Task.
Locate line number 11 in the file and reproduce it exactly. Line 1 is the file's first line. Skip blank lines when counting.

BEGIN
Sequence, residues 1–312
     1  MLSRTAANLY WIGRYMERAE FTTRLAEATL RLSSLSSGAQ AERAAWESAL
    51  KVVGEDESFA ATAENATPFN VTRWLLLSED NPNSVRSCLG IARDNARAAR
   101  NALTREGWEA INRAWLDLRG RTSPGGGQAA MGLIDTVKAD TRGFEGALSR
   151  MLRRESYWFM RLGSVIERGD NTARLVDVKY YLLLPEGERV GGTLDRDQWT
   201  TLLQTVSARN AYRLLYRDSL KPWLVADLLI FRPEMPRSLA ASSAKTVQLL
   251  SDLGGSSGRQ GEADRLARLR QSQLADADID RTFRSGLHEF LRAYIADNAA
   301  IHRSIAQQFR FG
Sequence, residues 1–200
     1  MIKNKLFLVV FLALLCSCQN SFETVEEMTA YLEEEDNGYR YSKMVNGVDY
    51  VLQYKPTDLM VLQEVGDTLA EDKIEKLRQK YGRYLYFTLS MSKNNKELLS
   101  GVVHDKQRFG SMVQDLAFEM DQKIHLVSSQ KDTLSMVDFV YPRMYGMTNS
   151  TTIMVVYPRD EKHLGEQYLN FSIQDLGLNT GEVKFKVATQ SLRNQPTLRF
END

    51  VLQYKPTDLM VLQEVGDTLA EDKIEKLRQK YGRYLYFTLS MSKNNKELLS